Petition for en banc reconsideration of a panel order affirming a district court's child custody decree. Eighth Judicial District Court, Family Court Division, Clark County; Kenneth E. Pollock, Judge.
Petition for reconsideration granted; affirmed in part, reversed in part, and remanded.
McFarling Law Group and Emily M. McFarling, Las Vegas, for Appellant.
Andrea Ewalefo, New Orleans, Louisiana, Pro se.
We concur: Hardesty, C.J., Cherry, J., Douglas, J., Gibbons, J. PARRAGUIRRE, J., with whom SAITTA, J., agrees, dissenting.
BEFORE THE COURT EN BANC.
This is an appeal from a child custody decree. As stipulated, the decree gives the parents joint legal custody of their eight-year-old son, E.D., and awards the mother, respondent Andrea Ewalefo, primary physical custody. In dispute are the visitation rights of the father, appellant Beau Davis. The decree grants Davis unsupervised visitation but specifies that visitation cannot occur in Africa, where Davis lives and works; it also includes a ne exeat provision that forbids E.D. from traveling outside the United States except on court order or with both parents' consent. A divided three-judge panel questioned the lack of findings by the district court but nonetheless affirmed. Davis v. Ewalefo, Docket No. 63731, (Order of Affirmance, July 31, 2014) (2-1). Without specific findings to connect the child's best interests to the restrictions imposed, the travel and visitation restrictions cannot stand. We therefore grant en banc reconsideration and affirm in part, reverse in part, and remand.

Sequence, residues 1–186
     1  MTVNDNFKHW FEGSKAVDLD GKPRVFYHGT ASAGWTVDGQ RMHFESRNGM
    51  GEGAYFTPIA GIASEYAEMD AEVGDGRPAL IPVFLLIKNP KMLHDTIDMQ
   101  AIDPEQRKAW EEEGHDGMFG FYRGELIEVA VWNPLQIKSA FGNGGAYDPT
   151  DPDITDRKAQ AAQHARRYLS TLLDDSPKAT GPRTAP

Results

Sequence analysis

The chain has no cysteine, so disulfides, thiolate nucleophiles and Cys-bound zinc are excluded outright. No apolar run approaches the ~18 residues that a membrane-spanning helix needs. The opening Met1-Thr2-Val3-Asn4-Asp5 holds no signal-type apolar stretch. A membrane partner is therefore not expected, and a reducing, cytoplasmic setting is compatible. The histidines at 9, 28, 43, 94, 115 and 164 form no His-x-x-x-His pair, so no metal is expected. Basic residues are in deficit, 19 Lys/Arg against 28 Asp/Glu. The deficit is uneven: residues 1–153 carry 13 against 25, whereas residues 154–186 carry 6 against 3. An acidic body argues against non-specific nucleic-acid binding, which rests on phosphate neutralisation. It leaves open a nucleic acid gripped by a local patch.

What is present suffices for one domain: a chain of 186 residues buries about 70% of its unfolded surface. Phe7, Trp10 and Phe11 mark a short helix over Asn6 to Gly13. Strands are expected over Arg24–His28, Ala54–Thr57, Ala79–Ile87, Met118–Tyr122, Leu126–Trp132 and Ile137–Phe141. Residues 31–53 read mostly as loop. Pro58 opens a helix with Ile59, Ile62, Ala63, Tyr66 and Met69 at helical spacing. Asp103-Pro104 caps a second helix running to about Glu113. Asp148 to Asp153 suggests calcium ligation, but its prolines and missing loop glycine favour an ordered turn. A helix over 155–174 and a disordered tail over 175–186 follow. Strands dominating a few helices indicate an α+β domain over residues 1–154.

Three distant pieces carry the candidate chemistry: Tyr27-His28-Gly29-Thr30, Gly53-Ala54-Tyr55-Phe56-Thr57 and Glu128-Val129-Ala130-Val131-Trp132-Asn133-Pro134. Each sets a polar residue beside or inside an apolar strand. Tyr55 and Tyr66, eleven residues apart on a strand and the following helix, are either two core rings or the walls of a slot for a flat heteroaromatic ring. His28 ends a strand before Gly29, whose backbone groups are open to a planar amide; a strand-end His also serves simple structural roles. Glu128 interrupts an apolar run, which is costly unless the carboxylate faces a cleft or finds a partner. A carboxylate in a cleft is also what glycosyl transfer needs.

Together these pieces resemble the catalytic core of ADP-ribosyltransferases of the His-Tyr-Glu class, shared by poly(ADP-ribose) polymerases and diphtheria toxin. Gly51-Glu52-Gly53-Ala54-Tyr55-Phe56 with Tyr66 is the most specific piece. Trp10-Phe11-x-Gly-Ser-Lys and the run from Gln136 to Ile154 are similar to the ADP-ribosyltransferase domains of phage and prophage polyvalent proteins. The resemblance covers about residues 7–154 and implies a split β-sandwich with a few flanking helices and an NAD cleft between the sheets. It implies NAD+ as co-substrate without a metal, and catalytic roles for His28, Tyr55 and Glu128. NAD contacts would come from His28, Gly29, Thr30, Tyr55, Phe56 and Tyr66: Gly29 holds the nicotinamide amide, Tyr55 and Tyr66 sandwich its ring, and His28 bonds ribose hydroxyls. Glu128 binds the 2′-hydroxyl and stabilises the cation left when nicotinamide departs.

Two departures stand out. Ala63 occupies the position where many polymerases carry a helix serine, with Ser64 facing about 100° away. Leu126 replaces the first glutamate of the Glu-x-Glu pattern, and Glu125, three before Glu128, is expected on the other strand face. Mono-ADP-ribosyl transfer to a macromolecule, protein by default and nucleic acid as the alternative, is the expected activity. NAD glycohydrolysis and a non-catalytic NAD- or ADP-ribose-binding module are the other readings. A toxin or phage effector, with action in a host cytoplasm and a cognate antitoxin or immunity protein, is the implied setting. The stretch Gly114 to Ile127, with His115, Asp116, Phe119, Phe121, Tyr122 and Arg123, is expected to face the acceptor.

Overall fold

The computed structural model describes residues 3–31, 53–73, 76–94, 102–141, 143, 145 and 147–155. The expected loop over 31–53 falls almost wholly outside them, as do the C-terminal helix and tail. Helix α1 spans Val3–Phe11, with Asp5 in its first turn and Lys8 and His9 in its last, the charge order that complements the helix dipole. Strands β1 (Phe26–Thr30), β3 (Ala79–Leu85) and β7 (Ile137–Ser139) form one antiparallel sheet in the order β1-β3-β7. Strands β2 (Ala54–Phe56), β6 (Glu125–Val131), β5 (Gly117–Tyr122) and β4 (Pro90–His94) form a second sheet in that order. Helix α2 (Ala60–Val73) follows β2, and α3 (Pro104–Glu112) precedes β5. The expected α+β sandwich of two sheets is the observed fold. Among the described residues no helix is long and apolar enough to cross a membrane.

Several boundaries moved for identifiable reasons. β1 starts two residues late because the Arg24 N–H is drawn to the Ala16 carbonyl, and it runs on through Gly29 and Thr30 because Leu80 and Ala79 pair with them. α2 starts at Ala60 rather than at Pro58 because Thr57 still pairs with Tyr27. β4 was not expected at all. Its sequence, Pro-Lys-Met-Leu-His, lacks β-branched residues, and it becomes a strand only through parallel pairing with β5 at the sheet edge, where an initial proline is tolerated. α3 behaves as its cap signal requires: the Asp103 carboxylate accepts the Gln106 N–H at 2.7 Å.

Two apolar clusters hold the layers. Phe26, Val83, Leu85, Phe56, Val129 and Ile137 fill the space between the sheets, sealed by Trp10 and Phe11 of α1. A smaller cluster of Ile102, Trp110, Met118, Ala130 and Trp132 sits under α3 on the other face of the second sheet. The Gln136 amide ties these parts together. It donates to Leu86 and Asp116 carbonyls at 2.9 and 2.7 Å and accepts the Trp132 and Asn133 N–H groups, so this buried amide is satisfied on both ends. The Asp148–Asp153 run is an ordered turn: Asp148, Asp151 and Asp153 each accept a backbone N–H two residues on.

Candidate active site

Ewalefo and Davis separated several years after E.D. was born. Although the couple did not marry, Davis acknowledged, and Ewalefo concedes, his paternity. Ewalefo's and E.D.'s residency made Nevada E.D.'s " home state" as defined in NRS 125A.085 when Davis filed this action. Thus, Nevada law applies to the district court's custody determination, including NRS 125.480, Rico v. Rodriguez, 121 Nev. 695, 701, 120 P.3d 812, 816 (2005), and, by extension, NRS 125.510 and NRS Chapters 125A through 125D. See Druckman v. Ruscitti, 130 Nev., Adv. Op. 50, 327 P.3d 511(2014).
Ewalefo and Davis came to court in agreement that it was in E.D.'s best interest that they share joint legal custody, with Ewalefo exercising primary physical custody. They differed on visitation. The parents also disagreed on, but ultimately worked out details relating to, notice of visitation, holidays, Skype sessions, and other matters.
Davis lives and works in Africa, making frequent face-to-face and unscheduled visitation impossible. Before initiating this action, Davis worked with Ewalefo in an effort to establish reasonable visitation and was met, the district court orally found, with " multiple instances of the Defendant [Ewalefo] finding reasons to alter or minimize contact."  In his complaint, Davis sought a decree awarding him up to four two-week blocks of unsupervised visitation per school year, to occur wherever E.D. is then attending school; in addition, he asked that E.D. be allowed to spend all but two weeks of his summers in Africa. Ewalefo agreed to Davis having unsupervised visitation but asked that it occur in the United States and be limited, initially, to three two-week blocks of time per year. Somewhat inconsistently, Ewalefo suggested as an appropriate condition of joint legal custody that, " If a trip is made overseas, the address(es) and telephone number(s) at